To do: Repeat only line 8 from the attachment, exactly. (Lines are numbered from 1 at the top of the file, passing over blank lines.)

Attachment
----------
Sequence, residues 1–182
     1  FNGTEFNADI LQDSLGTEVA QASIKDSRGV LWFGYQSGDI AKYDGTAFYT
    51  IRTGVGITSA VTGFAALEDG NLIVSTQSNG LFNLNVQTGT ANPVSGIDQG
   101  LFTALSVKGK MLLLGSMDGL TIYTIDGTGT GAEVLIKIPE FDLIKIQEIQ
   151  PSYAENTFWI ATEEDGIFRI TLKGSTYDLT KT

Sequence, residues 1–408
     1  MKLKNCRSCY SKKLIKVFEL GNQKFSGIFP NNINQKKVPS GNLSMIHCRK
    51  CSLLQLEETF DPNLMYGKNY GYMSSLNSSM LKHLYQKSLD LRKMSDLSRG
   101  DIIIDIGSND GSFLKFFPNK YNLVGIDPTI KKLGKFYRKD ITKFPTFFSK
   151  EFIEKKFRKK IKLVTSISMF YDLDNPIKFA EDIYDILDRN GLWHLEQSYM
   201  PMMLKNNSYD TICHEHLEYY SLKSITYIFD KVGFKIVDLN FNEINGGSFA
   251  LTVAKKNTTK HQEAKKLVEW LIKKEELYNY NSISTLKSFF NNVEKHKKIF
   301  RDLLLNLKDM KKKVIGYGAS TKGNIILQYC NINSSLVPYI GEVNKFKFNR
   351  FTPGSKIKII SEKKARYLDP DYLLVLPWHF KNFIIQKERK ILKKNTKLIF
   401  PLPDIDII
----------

    51  CSLLQLEETF DPNLMYGKNY GYMSSLNSSM LKHLYQKSLD LRKMSDLSRG